The Australian Lamingtons are Everyone’s Favorite
You can dress this up for any occasion or have it on hand as an easy dessert recipe because you never know when the company might come.
But if you want to go all out, top with crushed ice and whip cream for a positively scrumptious desert (rough idea from here).
Where can I buy one in Australia?
Lamingtons is a popular Australian dessert. If you want to buy it in Australia, head to your local supermarket or bakery for a taste! It is available in almost all department stores, grocery stores, bakeries, and cake shops.
You can also order it online. Most online marketplaces in Australia offer these lamingtons.
How to Make Lamington Cake
Making the Sponge Cake
Use the following instructions:
- Combine flour, milk, butter, and sugar in a saucepan over medium heat; let it cook until thickened as long as you constantly stir it.
- Remove from stovetop and cool slightly before adding vanilla extract, powdered wheat gluten, or baking powder to your mix, and then adding shaved coconut if desired.
- Cool again for 10 minutes before frosting with an egg white batter or whipped cream, then cut into squares of coated goodness that are sure to disappear quickly!
- 70 grams (1/2 cup) plain flour or all-purpose flour
- 35 grams (1/4 cup) cornflour or cornstarch
- 1/2 teaspoon baking powder
- 3 large eggs, room temperature
- 50 grams (1/4 cup) caster sugar
- 2 tablespoons milk
- 1 tablespoon butter
- 40 grams (1/2 cup) cocoa powder
- 250 grams (2 cups) icing or powdered sugar
- 2 tablespoons unsalted butter, melted
- 120 ml (1/2 cup) milk
- 120 grams (2 cups) of shredded coconut
- Preheat the oven to 180 degrees Celsius. Grease and line an 8-inch baking square tin with baking paper. Use a little more oil on the inside of the tinfoil as well!
- Sift flour, cornflour, and baking powder twice into a large mixing bowl. Set aside for now so we can make the dough before it gets too hot in here!
- In a separate mixing bowl, crack two whole eggs and start beating them with an electric whisk. Once the egg starts to get foamy, add sugar one tablespoon at a time until they’re thick and fluffy like marshmallow fluff.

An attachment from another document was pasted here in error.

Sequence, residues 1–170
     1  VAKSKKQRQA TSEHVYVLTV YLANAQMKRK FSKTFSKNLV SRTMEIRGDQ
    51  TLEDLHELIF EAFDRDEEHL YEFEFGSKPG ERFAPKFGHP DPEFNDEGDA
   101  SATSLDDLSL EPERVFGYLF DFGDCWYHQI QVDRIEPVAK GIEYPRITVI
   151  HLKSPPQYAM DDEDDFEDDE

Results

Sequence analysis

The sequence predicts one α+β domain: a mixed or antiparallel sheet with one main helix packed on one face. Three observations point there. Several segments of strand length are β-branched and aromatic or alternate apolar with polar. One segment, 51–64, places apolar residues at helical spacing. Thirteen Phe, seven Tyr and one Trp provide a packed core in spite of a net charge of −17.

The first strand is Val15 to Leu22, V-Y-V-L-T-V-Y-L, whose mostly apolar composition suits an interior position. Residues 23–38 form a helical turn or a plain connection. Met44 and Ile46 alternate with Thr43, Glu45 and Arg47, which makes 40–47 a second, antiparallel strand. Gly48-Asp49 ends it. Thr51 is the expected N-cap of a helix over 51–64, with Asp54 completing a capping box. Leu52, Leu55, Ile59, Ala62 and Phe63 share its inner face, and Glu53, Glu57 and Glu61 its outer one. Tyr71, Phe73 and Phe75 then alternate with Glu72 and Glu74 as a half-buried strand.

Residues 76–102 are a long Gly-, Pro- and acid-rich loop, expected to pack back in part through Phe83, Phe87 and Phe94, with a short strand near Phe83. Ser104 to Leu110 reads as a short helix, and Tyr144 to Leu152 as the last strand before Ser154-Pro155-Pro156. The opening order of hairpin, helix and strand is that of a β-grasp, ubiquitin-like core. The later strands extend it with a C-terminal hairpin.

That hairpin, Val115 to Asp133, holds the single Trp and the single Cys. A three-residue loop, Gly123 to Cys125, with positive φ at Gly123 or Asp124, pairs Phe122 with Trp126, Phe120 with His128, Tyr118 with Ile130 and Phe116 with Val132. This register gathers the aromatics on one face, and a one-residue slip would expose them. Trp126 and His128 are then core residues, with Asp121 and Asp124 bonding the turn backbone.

- Continue to beat the eggs until they are thick and voluminous – this can take 5-8 minutes.
- Meanwhile, add milk and butter to a small microwave-safe bowl and heat for 30 seconds or until butter is melted. Leave to cool slightly.
- When the eggs are ready, gently add the sifted flour mixture and pour butter down the side of your bowl. Gently fold them together with a knife until they combine! Be careful not to over mix or you’ll make all that air disappear from our eggy batter.
- Add mixture to the prepared cake tin and bake for 20-23 minutes. Check on it every 10 minutes to see how well done it is, as different ovens cook differently. Let cool completely before frosting.
- To make the chocolate icing, sift the cocoa powder and icing sugar. Add melted butter and milk for a smooth finish.
- Cut the sponge cake into 12 squares. Carefully and quickly dip each piece of cake into chocolate, let the extra chocolate drip off, then cover in coconut. Transfer the coated square cakes to a rack with baking paper underneath it so you don’t make too much mess!
- Repeat with the remaining 11 squares.
The Lamington cakes are uniquely Australian treats you might not have seen before. If you’re in the market for some delicious and refreshing afternoon tea, this dessert could be just what you need!
Which cake is often referred to as the national cake of Australia?
Lamington cake is often referred to as the national cake of Australia. It is a chocolate sponge cake covered in a layer of chocolate icing and then coated in desiccated coconut.
Where do lamingtons come from?
There is some debate over who invented the Lamington. Some say it was Lord Lamington, the Governor of Queensland from 1896-1901. Others credit his wife, Lady Lamington, with the recipe.
Either way, these tasty treats have been around for over a century!
Where were lamingtons invented?
The cake is said to have been created in Lamington, Queensland, by a chef who worked for the political figure Lord Lamington. However, there are other claims to its invention, including by a woman named Mrs. Beeton.